I. What is a Premise?
In literature and writing, a premise is the main idea behind a story or other writing project. It is the most basic foundation of a writer’s work—in fiction, it supports the plot; in non fiction, its role is to support the information and/or research that will be presented.
A premise is just like a movie poster or an illustrated cover of a book—it paints a simple image of what’s inside, but not much more.
It’s important to clarify that a premise is not an introduction, foreword, detailed plot summary, or synopsis, which all introduce or thoroughly describe a work. While an introduction or foreword may occupy an actual section of a book (like the foreword to a novel), a premise doesn’t actually get printed as part of a final work. Rather, it is just a device to help you establish the important ideas behind your project, and so it is really just for your personal own use.
II. Examples of Premises
Here are some examples of premises that you might come up with for some different works:
Jane is a young girl growing up in a rural Southern town. Though her friends and family think she should settle for a life in the country, following the ways of life around her, she dreams of escaping and making it in the big city.
An Opinion Essay
As technology becomes more and more accessible and popular, millennials are beginning to lose touch with the real world around them. If society continues with this pattern, we may soon live in a world where interpersonal contact and connection no longer has a place in our lives.
It’s the year 2050, and all natural resources have been used up. As mankind faces extinction, two scientists battle to save both the planet and the human race.
As you can see, the premises provide the foundation for these works, giving only the main idea with very few details. The authors will build upon these premises to create the actual finished product.
III. Importance of Premises
For writers, a premise is incredibly important because it is generally the first step in bringing an idea to life. It is the foundation of any writing project and something that an author can always look back to when developing their work.
IV. Examples in Popular Culture
Premises don’t appear as parts of popular culture; rather, each film, TV series, or other form of media initially began based on a premise. Here are some examples of premises that things were built upon:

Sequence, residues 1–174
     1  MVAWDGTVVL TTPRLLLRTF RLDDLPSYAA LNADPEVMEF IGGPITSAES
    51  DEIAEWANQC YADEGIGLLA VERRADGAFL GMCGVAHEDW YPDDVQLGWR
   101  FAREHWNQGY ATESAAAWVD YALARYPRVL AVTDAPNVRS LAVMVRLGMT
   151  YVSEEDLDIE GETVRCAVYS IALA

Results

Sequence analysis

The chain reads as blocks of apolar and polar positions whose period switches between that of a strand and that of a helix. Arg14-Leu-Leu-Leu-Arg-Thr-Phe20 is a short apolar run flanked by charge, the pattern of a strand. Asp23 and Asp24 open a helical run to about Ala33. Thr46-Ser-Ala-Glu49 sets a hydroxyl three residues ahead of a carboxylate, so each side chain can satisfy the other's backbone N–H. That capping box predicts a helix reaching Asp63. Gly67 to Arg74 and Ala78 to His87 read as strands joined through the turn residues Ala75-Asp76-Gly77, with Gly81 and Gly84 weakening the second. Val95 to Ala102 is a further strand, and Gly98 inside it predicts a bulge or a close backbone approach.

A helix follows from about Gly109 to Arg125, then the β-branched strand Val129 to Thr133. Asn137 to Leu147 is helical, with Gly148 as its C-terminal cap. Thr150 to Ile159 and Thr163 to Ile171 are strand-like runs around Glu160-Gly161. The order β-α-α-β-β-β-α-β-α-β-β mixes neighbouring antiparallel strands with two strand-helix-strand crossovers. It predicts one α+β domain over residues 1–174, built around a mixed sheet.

TV Series: How I Met Your Mother
A man relays a series of stories to his children related to how he met their mother. Throughout the series, it is unclear who their mother is, and the audience will keep coming back to find out more about who she is and how the couple met.
Boyhood follows the life of the fictional Mason from age 6 to 18, serving as a coming of age story about conflict, love, self-discovery, and growing up. Filmed over the course of 12 years, it features the same four actors playing the main characters—Mason, his sister, his mother, and his father—in order to truly capture the idea of coming of age.
V. Examples in Literature
Like in popular culture examples, premises are not a defined section of a novel, story, essay, or other form of writing. Rather, a premise is within each work; the base upon which each work is built on.
Novel: The Fault in Our Stars
A teenage girl named Hazel is in a long-term battle with cancer when she meets 17 year old Augustus, a cancer survivor and amputee. When they agree to read each other’s favorite novels, together, they begin a journey of love and discovery that helps them cope with their situations.
Short Story: Ernest Hemingway’s The Old Man and the Sea
An old and simple fisherman struggles to stay in touch with the times and reality as the world progresses around him. He sets out alone for a normal day on the sea, with modest hope for a catch, and soon finds himself in a struggle of wills between man and beast.
VI. Related Terms
An introduction introduces a work without outlining or giving away plot details. Usually it just gives some background information about the work and/ or the author.
A synopsis is a summary of a work or story that gives an overview of major characters, plot points, conflicts, and themes. A synopsis may be very brief, or can be very detailed, depending on its purpose.
An outline is an overview or plan for a work. It is organized by sections, which will then include headings or titles followed by bullet points. Creating an outline is generally a popular prewriting exercise.
To conclude, a premise is the starting point for every work, whether you actually write it down or just see it in your mind. All works, whether fiction or nonfiction, begin with a premise, making it an essential part of every author’s writing process.